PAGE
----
Our plan to test the functionality of stress promoters is to use hydrogen peroxide to induce stress in yeast cells containing stress promoter plasmids, and measure the differences in YFP fluorescence intensities. From these results, we hope to obtain a linear relation between inducing hydrogen peroxide concentration and YFP intensity. These tests cannot be done with microcystin-LR, since it isn’t imported into the cell without the VL3 transporter, and thus doesn’t cause a strong enough response. All the same, as hydrogen peroxide is the main reactive oxygen species produced in stress caused by microcystin-LR in yeast cells, we planned to use this compound directly in our primary experiments. After proving that our sensor works with hydrogen peroxide, and finishing transporter implementation, we can then transform our stress promoter into cells with the VL3 transporter already integrated into their genome. This way, we could test our promoters with microcystin.
We are going study our detection mechanism mathematically in order to obtain better understanding of it. Our plan is to create simplified molecular and mathematical models of our detection mechanism which will describe how the transcription factors are affected and how they affect the regulation of our promoters under oxidative stress. Then, we will simulate these models with COPASI modelling software. We hope to validate our model with experimental results for each construct. In addition, we hope to determine theoretical detection thresholds and measurement accuracy estimates, as well as provide suggestions for optimal promoter design for future iterations of the project.
As modeling goes into great detail on subjects not as tightly related to the biological design of the project, it is presented in more detail in it’s own page .
The QDR2 transporter sequences of VL3 strain were available online, but there were two nucleotides in the sequence that were not determined. The first one (nucleotide 475) was marked with M, meaning that it could be either adenine (A) or cytosine (C), and the other one (nucleotide 1126) with Y, meaning that it was either tyrosine (T) or cytosine (C). For the first nucleotide, the different bases would result in a changed amino acid at position 159 - either a leucine or isoleucine. We decided to test both transporter variants. For the second unclear base, replacing Y with T would have produced a premature stop codon at the place of amino acid 376. Because of this, we chose C, which resulted in having glutamine as amino acid 376. After this reasoning we had two different transporter variants. The following figure 6 presents the possible options we had.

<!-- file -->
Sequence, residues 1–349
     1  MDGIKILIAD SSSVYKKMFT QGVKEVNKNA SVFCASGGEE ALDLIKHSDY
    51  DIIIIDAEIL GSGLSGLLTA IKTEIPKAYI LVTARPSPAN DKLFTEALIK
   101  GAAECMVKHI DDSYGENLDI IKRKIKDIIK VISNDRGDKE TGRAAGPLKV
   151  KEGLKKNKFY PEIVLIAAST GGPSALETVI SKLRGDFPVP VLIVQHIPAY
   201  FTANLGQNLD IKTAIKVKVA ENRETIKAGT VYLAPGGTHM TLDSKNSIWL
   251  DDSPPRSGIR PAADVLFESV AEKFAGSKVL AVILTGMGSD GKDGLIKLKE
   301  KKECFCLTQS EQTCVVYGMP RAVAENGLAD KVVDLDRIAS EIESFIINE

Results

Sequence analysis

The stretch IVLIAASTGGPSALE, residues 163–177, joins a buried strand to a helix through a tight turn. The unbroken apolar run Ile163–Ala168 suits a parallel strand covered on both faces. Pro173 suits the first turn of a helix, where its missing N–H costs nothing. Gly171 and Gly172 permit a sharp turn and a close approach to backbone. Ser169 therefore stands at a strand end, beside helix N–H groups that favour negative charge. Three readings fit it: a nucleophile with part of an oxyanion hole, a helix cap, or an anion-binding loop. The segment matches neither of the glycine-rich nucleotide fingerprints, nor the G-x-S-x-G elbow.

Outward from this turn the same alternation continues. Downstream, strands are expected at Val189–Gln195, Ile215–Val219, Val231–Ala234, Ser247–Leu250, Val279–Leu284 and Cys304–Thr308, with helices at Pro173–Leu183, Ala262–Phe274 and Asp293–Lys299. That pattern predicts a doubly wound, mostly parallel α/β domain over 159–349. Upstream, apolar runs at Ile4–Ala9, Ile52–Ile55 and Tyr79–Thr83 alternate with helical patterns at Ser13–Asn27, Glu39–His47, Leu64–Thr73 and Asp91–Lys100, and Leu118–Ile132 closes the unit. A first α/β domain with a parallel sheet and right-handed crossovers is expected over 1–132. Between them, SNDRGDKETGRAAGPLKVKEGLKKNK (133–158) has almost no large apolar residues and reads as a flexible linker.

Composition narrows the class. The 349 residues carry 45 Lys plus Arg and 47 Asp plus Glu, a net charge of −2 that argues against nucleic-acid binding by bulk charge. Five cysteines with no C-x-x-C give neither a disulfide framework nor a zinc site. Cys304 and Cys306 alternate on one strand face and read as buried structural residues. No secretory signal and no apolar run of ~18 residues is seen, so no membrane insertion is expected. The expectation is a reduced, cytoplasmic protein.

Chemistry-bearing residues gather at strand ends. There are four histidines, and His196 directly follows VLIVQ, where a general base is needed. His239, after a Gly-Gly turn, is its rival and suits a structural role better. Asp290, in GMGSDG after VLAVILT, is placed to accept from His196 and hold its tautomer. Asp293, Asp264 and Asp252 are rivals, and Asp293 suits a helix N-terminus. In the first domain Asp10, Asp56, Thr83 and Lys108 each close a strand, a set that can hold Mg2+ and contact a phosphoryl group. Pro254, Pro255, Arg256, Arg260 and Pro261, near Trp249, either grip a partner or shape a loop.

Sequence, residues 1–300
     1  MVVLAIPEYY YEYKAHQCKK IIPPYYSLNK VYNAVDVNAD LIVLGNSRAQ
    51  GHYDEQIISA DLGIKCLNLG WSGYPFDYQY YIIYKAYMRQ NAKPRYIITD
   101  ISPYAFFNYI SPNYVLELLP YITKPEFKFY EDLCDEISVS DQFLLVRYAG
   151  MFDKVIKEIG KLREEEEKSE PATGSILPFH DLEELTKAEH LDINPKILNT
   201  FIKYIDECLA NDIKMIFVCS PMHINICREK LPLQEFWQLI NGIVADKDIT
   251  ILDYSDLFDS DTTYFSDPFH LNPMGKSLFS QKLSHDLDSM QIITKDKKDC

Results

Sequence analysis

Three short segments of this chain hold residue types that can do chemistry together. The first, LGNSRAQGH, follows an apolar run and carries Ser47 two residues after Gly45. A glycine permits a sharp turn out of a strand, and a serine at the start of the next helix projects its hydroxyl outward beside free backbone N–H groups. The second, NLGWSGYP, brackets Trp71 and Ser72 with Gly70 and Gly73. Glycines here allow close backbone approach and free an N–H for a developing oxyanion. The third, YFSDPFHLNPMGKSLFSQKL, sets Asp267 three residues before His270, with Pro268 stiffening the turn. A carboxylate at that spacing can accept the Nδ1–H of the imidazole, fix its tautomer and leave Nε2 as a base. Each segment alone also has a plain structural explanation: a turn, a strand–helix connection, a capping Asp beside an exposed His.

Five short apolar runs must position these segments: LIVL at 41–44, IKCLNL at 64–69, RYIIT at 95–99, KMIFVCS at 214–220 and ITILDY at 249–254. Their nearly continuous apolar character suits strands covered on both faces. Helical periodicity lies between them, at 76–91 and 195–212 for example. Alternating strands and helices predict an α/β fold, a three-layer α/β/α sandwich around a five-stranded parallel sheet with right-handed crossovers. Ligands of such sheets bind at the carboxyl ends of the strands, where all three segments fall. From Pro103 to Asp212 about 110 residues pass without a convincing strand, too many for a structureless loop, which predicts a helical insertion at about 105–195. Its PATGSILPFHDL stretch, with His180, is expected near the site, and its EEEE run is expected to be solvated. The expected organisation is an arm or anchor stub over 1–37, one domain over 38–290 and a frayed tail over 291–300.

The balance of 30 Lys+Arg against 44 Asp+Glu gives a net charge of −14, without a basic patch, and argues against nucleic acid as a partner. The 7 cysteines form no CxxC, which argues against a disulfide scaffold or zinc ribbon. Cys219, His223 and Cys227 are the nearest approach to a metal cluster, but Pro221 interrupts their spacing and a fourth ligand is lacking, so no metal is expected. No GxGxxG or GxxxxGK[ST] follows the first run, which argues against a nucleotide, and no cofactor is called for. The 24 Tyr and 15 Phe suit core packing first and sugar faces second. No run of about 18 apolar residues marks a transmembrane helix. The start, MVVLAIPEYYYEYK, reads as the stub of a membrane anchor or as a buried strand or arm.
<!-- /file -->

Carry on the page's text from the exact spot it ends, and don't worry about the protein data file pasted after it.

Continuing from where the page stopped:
We planned to replace the transporter directly in our S. cerevisiae lab strain’s genome with homologous recombination. To be able to detect the correct expression of the transporter replacement in the eventuality that functional testing with response to MC wouldn’t produce clear enough results, we also designed constructs with strep-tag markers on both termini and a construct with a mCherry red fluorescent protein tag on the C-terminus. All designed QDR2 variants are presented in figure 7.
All inserts were designed to be amplified in the pUG6 plasmid backbone, which is commonly used to generate deletion cassettes to be used in yeast homologous recombination (Güldener et al., 1996). The pUG6 backbone contains ampicillin resistance for amplification in E. coli , and a KanMX resistance cassette for antibiotic selection in yeast, flanked by loxP sites to enable recovery of the selection marker after selection. The inserts were designed to be compatible with either Gibson assembly or yeast recombination with a linearized pUG6 plasmid backbone. The disruption cassette for genome integration can then be generated from the assembled transporter-pUG6 plasmid via PCR. The PCR is designed to generate a linear fragment containing both the transporter, the KanMX selection marker, and 50 bp long regions homologous to the intended site of recombination in the genome. (During this PCR, 50 bp long homology will be added to the 3’ end to enable genome integration. 5’ homology is designed already in the ordered insert.) This linear cassette can be then transformed into our lab strain, where it will integrate into the location of original transporter. The planned integration is illustrated in figure 8.
For the same reason as in the case of stress promoters, these inserts aren’t compatible with Biobrick assembly standard 10.
“ For the final product, we will need to have both the VL3 transporter and the stress promoter in yeast cells ”
The second part of our project is the degradation of microcystin, a cyanobacterial toxin, and more specifically the degradation of microcystin-LR. A naturally occurring enzyme called microcystinase (MlrA) is capable of degrading different microcystins. Our goal is to introduce this enzyme into yeast cells and optimize its expression and purification so that it can be obtained in an active form.